The Citizenship and Integration Grant Program is a major part of USCIS’ efforts to support effective citizenship preparation services and provide information to immigrants and public or private non-profit organizations. Other efforts include the Citizenship Resource Center, a Web resource that provides learning materials to help permanent residents prepare for the naturalization process, and USCIS’ partnerships with federal and municipal agencies that raise awareness of the rights, responsibilities and importance of U.S. citizenship among the estimated 8.8 million permanent residents nationwide eligible to apply for naturalization.

This year’s announcement is part of USCIS’ celebration of Constitution Week, commemorated every Sept. 17-23 in honor of the signing of the U.S. Constitution in 1787. During this week, we celebrate our history and reflect on what it means to be a U.S. citizen. For additional information on the Citizenship and Integration Grant Program, please visit www.uscis.gov/grants.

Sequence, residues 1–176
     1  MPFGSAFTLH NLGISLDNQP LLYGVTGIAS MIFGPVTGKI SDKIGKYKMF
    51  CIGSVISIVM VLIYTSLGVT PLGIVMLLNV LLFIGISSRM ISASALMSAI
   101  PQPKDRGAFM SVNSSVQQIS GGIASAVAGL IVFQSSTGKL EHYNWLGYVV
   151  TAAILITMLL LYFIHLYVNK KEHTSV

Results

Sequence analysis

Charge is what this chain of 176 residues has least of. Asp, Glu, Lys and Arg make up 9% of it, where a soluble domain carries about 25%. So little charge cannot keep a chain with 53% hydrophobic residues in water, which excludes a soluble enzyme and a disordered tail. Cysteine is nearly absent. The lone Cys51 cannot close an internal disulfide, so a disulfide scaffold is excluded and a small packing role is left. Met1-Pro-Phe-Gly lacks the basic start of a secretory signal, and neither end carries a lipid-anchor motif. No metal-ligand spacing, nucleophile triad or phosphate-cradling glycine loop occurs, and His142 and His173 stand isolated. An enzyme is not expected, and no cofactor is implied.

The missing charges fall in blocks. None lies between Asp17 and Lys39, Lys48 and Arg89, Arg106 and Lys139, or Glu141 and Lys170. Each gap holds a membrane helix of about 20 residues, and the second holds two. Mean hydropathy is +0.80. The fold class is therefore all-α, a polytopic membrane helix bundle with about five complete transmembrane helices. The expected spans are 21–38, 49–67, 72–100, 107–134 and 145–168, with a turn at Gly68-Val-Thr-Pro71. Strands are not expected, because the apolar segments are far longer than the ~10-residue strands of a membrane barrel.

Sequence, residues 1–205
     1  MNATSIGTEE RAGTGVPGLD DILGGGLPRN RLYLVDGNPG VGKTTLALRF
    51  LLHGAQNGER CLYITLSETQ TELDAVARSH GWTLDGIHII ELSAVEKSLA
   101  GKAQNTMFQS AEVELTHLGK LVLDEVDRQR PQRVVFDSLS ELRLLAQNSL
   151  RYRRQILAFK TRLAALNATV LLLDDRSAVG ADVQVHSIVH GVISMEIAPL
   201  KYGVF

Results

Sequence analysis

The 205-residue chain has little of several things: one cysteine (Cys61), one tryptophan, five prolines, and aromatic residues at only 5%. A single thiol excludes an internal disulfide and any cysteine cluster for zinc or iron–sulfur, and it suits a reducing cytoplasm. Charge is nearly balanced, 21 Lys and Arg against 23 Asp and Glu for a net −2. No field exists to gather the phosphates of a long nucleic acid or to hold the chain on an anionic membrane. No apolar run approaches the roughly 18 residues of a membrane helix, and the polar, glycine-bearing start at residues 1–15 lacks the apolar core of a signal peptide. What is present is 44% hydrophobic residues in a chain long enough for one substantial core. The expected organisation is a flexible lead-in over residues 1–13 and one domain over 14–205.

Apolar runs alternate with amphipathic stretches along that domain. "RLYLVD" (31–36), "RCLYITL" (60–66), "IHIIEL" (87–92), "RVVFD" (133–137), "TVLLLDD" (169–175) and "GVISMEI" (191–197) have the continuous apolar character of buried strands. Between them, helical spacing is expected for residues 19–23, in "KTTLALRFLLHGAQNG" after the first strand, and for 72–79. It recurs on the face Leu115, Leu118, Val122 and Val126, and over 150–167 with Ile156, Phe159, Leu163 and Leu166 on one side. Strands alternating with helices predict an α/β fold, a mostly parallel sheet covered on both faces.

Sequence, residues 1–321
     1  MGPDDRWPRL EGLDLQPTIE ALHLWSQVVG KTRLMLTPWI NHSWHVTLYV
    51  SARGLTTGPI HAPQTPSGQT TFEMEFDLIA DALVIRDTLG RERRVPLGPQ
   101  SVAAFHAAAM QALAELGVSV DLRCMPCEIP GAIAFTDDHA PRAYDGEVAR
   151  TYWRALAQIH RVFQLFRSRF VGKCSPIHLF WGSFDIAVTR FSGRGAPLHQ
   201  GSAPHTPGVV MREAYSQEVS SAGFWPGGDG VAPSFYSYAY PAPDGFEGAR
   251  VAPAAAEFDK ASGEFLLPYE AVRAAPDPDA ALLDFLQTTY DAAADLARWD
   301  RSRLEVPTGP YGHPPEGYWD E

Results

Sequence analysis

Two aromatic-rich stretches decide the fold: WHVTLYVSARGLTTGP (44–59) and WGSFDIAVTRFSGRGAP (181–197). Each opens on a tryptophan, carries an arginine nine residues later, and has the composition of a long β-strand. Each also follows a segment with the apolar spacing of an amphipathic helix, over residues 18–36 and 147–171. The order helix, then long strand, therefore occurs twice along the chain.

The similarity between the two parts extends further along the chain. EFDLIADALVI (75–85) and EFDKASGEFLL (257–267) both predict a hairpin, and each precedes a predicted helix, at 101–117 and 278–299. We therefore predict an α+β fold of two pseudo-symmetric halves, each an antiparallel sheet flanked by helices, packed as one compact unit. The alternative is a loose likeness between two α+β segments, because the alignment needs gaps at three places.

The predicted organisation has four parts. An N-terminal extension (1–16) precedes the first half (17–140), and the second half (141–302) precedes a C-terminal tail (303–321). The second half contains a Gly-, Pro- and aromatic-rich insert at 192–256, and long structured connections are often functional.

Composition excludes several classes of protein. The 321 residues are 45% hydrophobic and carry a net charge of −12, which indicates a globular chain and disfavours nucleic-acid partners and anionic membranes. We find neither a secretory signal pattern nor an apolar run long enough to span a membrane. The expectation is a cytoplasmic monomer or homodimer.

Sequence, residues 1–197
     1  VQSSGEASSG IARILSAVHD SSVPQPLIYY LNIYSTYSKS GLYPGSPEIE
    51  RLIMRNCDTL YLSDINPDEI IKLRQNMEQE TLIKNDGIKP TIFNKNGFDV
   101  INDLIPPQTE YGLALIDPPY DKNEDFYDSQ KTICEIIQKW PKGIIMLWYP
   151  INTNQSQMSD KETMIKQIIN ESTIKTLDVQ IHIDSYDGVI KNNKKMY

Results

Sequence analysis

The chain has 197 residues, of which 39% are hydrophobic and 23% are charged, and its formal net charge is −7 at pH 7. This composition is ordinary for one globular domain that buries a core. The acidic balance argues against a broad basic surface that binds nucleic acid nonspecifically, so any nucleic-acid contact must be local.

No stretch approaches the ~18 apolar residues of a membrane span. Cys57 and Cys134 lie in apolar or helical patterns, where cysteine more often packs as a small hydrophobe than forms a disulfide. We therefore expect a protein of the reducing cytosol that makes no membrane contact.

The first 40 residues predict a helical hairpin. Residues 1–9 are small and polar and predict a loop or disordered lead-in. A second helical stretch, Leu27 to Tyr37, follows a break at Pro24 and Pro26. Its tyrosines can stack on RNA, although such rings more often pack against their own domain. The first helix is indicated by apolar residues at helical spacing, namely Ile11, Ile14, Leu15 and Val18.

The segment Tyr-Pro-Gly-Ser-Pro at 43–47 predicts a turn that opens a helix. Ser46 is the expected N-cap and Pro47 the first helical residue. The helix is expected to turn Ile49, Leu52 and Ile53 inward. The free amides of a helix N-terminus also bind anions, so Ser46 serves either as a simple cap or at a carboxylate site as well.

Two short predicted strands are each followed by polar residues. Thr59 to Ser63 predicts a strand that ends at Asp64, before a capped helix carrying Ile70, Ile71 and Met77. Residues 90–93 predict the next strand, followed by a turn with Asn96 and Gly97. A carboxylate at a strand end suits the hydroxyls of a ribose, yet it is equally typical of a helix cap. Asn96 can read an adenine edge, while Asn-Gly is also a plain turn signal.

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USCIS to Welcome More Than 27,000 New Citizens During Annual Constitution Day and Citizenship Day Celebration

WASHINGTON—U.S. Citizenship and Immigration Services (USCIS) will welcome more than 27,000 new citizens in more than 160 naturalization ceremonies between Sept. 17 and Sept. 23 in honor of Constitution Day and Citizenship Day. During this week—also known as Constitution Week—museums, historic and public libraries, government landmarks and national park sites will provide the backdrop for our celebration of citizenship and the achievements of our newest U.S. citizens.